After spending a decade commuting to teach at Tokyo’s Waseda University and Art Architecture School, architect Takeshi Hosaka and his wife decided to leave their tiny house in Yokohama for Tokyo, where they would build an even tinier house. Dubbed the Love2 House —the predecessor in Yokohama was called Love House—the micro-home spans just 334 square feet and is topped with a funnel-like roof to bring daylight deep inside the home. The tiny home features a minimalist and industrial aesthetic defined by its reinforced concrete structure, galvanized aluminum panel cladding, and timber accents.
Takeshi Hosaka and his wife have long admired tiny homes found across history, from an Edo-period 100-square-foot home for a family of four to Le Corbusier’s 181-square-foot vacation home Cabanon. The couple followed tiny house principles preaching minimalism and a closeness with nature in designing their first micro-home, Love House, and their current home, Love2 House. The tenets for an ideal life in ancient Roman villas—study bath, drama, music and epicurism—also influenced the design of the house, which includes space for a bath, plenty of space for record storage, an old-fashioned earthen pot rice cooker and a library for books.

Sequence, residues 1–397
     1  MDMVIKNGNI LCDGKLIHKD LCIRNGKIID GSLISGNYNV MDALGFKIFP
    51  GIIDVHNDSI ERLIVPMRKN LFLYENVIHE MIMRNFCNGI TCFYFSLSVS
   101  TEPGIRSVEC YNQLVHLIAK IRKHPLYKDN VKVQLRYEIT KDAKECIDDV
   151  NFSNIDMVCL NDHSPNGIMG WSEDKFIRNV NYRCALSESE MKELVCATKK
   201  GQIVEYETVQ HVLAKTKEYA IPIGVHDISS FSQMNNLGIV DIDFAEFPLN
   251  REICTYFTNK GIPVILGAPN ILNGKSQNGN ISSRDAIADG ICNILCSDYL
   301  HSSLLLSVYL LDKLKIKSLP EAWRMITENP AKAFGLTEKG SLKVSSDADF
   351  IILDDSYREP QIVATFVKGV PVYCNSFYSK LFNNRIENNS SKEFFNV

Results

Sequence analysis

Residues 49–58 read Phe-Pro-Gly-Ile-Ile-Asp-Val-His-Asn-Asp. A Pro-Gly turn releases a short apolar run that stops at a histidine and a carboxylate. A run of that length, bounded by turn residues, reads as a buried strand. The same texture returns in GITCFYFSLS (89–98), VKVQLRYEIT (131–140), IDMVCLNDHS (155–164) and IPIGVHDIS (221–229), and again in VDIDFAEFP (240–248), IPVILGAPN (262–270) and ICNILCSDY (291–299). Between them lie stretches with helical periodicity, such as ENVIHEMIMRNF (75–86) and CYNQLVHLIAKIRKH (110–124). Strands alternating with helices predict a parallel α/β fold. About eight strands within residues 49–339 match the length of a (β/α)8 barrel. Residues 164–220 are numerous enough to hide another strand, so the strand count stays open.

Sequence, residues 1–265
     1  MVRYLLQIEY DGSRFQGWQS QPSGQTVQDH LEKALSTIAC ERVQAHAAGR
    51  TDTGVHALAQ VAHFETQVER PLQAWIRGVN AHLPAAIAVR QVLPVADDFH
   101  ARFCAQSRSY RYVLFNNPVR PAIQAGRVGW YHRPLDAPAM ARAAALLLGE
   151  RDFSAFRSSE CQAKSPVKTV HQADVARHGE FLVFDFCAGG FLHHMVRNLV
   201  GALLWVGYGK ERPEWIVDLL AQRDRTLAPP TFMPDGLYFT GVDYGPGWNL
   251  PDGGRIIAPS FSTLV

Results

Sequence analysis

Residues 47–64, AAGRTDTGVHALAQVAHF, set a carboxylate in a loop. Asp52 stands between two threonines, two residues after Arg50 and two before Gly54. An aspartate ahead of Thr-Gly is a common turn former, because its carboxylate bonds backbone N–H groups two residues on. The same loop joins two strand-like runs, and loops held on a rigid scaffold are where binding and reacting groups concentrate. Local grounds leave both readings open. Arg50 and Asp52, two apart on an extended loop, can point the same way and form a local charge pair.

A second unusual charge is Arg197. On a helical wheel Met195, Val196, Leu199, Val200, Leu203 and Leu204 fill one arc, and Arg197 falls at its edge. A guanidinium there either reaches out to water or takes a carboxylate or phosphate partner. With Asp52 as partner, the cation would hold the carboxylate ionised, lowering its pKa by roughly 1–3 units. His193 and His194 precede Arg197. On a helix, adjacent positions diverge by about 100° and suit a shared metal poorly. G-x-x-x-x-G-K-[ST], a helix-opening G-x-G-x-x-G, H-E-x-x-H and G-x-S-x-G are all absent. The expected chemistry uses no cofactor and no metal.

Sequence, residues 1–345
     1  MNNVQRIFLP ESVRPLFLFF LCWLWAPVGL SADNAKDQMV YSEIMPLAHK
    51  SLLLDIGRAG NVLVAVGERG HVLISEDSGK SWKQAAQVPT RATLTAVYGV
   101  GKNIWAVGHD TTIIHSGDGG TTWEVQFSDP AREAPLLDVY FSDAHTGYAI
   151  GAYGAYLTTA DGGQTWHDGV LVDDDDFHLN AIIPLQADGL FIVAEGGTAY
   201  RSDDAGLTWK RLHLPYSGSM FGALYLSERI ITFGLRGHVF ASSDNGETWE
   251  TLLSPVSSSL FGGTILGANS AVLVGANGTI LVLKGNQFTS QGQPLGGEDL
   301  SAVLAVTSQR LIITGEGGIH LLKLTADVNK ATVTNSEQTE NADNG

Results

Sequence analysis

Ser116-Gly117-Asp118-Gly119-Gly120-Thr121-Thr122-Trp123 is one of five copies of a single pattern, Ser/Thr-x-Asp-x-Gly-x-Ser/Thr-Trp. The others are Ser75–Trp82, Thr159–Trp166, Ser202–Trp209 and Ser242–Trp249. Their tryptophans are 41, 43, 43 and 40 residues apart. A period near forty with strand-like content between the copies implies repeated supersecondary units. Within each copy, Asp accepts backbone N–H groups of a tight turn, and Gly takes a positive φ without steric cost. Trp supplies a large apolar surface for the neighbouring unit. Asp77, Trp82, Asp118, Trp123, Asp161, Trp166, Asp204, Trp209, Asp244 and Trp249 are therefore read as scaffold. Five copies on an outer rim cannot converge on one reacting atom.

Love2 House’s sculptural funnel-shaped roof was created in response to a solar study that showed that the site would be cast in shadow for three months in winter. Inspired by Scandinavian architectural solutions, Hosaka created a curved rooftop with skylights that funnel in light in winter. The open interior and the use of short concrete wall dividers let light and natural ventilation pass through all parts of the home, which is divided into three primary zones: a dining area, a kitchen area and the bedroom.
“When we keep the window facing on the street fully opened, people who walk on the street feel free to talk to me,” says Takeshi Hosaka in a project statement. “It’s like a long-time friend, and children put their hands on the floor and look inside. We even pat strolling dogs from [the] dining [room]. The front street has flower bed so we enjoy it as our garden. In this house we feel the town very close. We are really surprised how pleasant to communicate with the town is!”
Photography by Koji Fujii Nacasa and Partners